From Ohio History Central
Port Clinton is the county seat of Ottawa County, Ohio. Residents established the community in 1828 on the shores of Lake Erie. They named the town after DeWitt Clinton, a governor of New York.
Port Clinton grew slowly. In 1846, only sixty homes existed in the community. Although the town had an excellent harbor, little shipping occurred. The town remained relatively small throughout the nineteenth century, with a population of 1,600 people in 1880 and 2,049 residents in 1890. By 1886, Port Clinton contained three newspaper offices, four churches, and one bank. Several manufacturing businesses existed in the town, with the largest employer being A. Couche & Company, a sawmill that employed ten workers. Most businesses provided services or products to farmers in the surrounding countryside.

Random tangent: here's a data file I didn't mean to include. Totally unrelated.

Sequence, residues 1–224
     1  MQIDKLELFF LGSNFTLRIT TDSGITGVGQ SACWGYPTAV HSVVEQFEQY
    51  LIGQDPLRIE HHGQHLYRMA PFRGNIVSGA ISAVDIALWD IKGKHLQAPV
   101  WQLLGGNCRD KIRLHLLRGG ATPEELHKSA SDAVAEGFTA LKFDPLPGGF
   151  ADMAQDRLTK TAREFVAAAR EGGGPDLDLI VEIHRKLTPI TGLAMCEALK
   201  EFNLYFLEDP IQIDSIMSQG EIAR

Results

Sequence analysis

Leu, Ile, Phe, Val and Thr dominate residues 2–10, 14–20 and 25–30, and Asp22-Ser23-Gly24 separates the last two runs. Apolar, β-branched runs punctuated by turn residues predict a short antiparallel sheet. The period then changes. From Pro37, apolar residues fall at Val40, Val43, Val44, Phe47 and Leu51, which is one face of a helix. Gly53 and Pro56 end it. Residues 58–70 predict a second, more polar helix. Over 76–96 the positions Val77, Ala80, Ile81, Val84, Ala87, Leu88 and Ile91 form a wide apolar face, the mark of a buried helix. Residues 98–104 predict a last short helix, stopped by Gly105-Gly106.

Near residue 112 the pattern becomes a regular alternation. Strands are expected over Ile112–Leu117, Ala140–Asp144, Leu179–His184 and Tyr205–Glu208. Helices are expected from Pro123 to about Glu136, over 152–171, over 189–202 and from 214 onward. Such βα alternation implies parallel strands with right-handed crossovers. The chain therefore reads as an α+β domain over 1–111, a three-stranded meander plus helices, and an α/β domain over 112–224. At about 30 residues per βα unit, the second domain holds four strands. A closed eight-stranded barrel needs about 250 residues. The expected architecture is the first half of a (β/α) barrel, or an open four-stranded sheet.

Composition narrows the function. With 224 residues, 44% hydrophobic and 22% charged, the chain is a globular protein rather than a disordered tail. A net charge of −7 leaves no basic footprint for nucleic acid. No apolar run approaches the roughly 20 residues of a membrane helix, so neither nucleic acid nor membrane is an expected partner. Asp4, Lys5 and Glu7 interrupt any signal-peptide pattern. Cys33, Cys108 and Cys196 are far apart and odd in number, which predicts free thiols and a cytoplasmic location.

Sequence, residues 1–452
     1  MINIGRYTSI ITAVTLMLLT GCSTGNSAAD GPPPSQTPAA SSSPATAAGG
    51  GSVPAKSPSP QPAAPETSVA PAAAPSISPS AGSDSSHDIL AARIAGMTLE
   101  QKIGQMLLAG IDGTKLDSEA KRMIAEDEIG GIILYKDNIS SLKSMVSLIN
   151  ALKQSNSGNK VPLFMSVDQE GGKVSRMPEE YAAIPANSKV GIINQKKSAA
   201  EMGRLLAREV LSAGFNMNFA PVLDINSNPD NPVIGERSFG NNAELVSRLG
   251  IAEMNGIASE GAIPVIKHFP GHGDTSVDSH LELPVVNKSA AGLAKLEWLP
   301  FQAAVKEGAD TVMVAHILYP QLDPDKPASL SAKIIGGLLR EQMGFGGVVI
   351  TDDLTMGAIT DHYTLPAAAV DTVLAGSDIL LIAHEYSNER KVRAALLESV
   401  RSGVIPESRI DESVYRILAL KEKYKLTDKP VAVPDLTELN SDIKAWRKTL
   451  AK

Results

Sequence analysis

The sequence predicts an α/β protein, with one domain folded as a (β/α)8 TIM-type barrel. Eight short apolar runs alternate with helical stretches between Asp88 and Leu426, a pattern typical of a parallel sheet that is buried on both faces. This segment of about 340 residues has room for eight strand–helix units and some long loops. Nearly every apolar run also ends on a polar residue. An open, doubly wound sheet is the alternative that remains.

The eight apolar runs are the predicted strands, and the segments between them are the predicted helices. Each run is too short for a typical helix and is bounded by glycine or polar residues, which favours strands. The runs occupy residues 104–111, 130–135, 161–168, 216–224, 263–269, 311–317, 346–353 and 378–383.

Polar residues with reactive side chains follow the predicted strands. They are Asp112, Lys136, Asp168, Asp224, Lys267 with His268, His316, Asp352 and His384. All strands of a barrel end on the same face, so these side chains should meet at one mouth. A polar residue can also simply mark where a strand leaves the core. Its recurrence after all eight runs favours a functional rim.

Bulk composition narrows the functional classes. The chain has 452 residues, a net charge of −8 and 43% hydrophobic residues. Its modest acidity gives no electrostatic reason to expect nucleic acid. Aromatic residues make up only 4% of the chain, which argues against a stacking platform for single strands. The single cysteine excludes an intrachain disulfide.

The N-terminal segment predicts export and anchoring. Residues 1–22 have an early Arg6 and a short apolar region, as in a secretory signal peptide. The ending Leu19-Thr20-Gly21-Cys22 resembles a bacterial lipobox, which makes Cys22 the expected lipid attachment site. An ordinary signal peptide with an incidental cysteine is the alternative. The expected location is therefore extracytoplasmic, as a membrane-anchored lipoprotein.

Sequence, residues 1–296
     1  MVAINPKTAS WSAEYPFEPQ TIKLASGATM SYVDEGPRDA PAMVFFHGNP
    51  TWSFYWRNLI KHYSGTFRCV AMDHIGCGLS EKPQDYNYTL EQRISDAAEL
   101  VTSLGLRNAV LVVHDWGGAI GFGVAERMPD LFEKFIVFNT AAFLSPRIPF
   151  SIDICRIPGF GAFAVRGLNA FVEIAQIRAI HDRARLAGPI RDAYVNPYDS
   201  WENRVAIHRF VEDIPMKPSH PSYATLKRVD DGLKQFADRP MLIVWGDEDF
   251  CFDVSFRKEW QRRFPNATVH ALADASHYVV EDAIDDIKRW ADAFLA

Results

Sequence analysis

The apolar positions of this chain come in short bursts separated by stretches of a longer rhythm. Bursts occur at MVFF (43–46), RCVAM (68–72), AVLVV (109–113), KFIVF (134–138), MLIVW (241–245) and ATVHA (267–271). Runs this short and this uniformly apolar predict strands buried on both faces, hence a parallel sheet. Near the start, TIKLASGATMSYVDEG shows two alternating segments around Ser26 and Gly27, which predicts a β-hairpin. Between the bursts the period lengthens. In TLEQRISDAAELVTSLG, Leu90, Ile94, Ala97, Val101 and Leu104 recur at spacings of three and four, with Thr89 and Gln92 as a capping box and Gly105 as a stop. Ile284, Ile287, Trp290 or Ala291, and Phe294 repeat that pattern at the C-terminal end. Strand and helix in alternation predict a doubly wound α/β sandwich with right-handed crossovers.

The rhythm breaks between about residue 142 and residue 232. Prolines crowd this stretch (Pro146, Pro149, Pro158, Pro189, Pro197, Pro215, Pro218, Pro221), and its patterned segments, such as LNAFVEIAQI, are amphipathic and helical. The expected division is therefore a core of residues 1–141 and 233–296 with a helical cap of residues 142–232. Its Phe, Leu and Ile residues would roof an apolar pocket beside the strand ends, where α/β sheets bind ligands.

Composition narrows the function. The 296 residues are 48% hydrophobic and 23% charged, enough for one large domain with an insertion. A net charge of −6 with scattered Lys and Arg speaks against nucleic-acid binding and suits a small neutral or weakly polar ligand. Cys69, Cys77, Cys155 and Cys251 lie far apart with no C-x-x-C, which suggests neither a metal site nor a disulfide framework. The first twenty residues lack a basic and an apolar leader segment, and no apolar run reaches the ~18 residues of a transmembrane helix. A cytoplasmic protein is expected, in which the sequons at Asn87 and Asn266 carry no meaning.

During the twentieth century, Port Clinton's population continued to grow. In 2000, 6,391 residents lived in the community. As a whole, Ottawa County experienced a 2.4 percent increase in population between 1990 and 2000. Many of these new residents had left nearby Toledo, hoping to find a quieter lifestyle in Ottawa County. Numerous Port Clinton residents find employment in the tourism industry, operating restaurants, owning antique stores, or providing tourists with lodging in various inns and beds and breakfasts. Other locals work in Toledo, in neighboring Lucas County.